This year’s Annual Conference of the Society took place from September 30 to October 2 in the parish house of the Uranienborg Church in Oslo. The organist of the host church, church music professor Inger-Lise Ulsrud, enriched the program with an outstanding organ concert at the first evening of the conference.
For three days, about 40 participants from nine countries discussed the topic “Heterogeneity and Educational Media” under various aspects.
In the introductory section, heterogeneity was described from the perspective of publishers and authors as an enormous challenge; they pointed to different concepts and solution approaches.
The first two thematic blocks dealt with internal differentiation in heterogeneous learning groups. In the first block, lecturers from Switzerland, Italy, and Germany discussed medial perspectives for internal differentiation. They outlined multi-medial and multi-modal approaches, as well as the concept of augmented reality, and adaptive textbooks; they presented also research on usage behavior. Results and approaches with regard to internal differentiation in various subjects and learning environments stood in the focus of the second thematic block; it dealt with educational media for learning German, Geography, Biology, and Mathematics, but also at an extracurricular place of learning – always with reference to a heterogeneous group of students.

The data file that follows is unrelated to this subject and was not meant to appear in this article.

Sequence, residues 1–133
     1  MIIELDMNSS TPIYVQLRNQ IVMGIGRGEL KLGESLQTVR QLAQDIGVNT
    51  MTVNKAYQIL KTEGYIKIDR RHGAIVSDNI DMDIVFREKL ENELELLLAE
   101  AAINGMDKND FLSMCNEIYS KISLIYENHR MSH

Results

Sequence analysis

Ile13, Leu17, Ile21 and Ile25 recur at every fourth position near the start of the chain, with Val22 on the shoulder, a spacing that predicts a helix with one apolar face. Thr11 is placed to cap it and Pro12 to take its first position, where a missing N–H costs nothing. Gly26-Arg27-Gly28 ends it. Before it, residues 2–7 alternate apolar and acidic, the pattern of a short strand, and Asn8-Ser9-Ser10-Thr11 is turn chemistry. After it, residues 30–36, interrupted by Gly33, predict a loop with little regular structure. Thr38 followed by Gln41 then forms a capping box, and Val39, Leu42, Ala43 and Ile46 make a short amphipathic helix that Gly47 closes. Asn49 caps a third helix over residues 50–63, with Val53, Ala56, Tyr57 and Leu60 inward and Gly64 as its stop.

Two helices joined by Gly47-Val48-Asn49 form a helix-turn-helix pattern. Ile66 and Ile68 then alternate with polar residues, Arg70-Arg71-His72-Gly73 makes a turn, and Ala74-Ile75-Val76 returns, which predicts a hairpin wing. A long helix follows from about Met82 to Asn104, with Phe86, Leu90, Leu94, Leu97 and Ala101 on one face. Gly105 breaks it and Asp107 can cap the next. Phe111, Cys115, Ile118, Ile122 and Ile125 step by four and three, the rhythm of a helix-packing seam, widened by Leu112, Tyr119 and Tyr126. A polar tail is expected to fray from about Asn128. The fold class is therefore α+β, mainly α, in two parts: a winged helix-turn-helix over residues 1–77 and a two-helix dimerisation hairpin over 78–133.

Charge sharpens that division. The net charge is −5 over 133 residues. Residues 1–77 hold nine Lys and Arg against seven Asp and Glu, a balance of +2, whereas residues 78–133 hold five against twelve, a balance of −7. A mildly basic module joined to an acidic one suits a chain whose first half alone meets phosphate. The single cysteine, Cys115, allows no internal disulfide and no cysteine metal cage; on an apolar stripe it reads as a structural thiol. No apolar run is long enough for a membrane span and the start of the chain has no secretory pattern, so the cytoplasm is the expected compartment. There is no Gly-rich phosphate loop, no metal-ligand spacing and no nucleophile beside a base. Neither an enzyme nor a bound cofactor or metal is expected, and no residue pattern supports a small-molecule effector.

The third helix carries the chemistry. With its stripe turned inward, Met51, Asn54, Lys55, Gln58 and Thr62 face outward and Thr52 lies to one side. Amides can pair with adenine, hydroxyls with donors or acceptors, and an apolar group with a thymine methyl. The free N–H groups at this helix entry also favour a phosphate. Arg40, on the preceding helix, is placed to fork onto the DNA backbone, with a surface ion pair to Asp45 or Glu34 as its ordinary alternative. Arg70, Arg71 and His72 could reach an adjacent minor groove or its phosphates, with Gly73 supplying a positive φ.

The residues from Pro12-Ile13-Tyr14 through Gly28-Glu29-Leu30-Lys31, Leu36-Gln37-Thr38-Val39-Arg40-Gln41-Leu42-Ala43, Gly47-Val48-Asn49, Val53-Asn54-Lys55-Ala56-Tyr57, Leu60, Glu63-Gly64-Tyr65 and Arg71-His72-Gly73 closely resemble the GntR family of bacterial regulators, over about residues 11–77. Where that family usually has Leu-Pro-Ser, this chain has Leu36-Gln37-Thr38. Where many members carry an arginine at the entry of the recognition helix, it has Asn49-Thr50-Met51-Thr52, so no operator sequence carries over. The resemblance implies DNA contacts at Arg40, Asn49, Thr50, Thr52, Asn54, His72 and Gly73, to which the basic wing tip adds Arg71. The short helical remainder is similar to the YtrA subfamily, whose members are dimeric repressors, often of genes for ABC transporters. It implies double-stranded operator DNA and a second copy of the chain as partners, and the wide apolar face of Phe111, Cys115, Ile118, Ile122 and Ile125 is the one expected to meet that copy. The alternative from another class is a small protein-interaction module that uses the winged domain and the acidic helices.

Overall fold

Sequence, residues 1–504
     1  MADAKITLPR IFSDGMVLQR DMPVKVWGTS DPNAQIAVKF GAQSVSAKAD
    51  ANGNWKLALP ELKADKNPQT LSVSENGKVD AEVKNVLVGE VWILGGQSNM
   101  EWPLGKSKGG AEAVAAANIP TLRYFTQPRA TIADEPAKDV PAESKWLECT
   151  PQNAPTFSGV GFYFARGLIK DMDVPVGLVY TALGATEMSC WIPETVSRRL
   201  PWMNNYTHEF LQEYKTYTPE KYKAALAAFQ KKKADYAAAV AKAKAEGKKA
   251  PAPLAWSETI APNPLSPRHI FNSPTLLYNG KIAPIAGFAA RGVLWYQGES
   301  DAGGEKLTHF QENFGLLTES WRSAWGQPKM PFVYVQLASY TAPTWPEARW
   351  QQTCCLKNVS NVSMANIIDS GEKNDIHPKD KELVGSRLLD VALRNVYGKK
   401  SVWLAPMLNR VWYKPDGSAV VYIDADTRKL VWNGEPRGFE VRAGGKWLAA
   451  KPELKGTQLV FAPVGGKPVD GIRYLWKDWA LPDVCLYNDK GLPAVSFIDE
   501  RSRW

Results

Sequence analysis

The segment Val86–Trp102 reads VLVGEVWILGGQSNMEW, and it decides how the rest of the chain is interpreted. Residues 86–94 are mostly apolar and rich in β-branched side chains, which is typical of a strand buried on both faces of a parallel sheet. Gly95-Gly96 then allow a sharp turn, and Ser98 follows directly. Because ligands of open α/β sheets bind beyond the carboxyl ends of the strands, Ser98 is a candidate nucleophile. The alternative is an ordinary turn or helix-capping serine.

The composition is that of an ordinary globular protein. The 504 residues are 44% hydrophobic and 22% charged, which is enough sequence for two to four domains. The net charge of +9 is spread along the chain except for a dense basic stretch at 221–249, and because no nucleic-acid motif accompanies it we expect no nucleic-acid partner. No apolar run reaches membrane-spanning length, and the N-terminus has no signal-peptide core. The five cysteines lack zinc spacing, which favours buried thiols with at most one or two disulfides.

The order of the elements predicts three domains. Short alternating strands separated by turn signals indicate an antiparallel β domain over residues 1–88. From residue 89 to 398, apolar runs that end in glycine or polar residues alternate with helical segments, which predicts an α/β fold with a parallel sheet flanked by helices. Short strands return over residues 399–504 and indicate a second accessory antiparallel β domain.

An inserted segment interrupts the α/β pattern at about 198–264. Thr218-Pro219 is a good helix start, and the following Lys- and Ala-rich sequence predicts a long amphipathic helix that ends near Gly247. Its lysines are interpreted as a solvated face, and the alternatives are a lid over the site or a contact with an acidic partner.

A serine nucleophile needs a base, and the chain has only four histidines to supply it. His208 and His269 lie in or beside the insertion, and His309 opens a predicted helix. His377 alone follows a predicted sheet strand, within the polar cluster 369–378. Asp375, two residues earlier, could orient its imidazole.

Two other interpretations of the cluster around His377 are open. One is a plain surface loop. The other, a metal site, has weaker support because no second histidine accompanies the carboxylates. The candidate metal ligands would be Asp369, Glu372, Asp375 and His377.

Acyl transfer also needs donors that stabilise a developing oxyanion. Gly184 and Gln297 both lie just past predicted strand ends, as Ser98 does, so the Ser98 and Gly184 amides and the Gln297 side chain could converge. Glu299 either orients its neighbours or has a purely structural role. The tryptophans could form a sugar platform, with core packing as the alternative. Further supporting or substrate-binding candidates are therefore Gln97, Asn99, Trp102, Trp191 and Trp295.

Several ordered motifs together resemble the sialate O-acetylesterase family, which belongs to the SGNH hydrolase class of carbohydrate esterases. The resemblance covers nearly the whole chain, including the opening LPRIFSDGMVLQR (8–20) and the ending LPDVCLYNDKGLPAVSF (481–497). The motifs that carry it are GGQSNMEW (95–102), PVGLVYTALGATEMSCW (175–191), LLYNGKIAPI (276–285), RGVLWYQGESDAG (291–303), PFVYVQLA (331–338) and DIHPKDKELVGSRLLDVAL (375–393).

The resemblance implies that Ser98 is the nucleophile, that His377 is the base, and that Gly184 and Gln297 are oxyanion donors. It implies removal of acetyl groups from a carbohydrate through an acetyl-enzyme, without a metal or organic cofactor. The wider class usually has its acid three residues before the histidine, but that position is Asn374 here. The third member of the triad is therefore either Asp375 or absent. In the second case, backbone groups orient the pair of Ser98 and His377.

Two next two thematic blocks pursued the depiction of heterogeneity in educational media – both from a historical and a topical perspective. The contributors from Poland, The Netherlands, Norway, Belgium, Hungary, and Germany considered the depiction of gender, and of different ethnic groups, religions, and sexual orientations.
The last thematic block dealt with language heterogeneity, i.e., with the teaching of languages in a multilingual environment. The contributors from Serbia, Russia, Italy, and Germany examined historical and topical educational media for multilingual learning groups and presented own approaches – to meet one of the challenges in a globalized world, which had been sketched in the introductory part.
The contributions will be published in 2017.
The next conference will take place from October 6 to 8, 2017, in Augsburg. Topic: "Religion and Educational Media".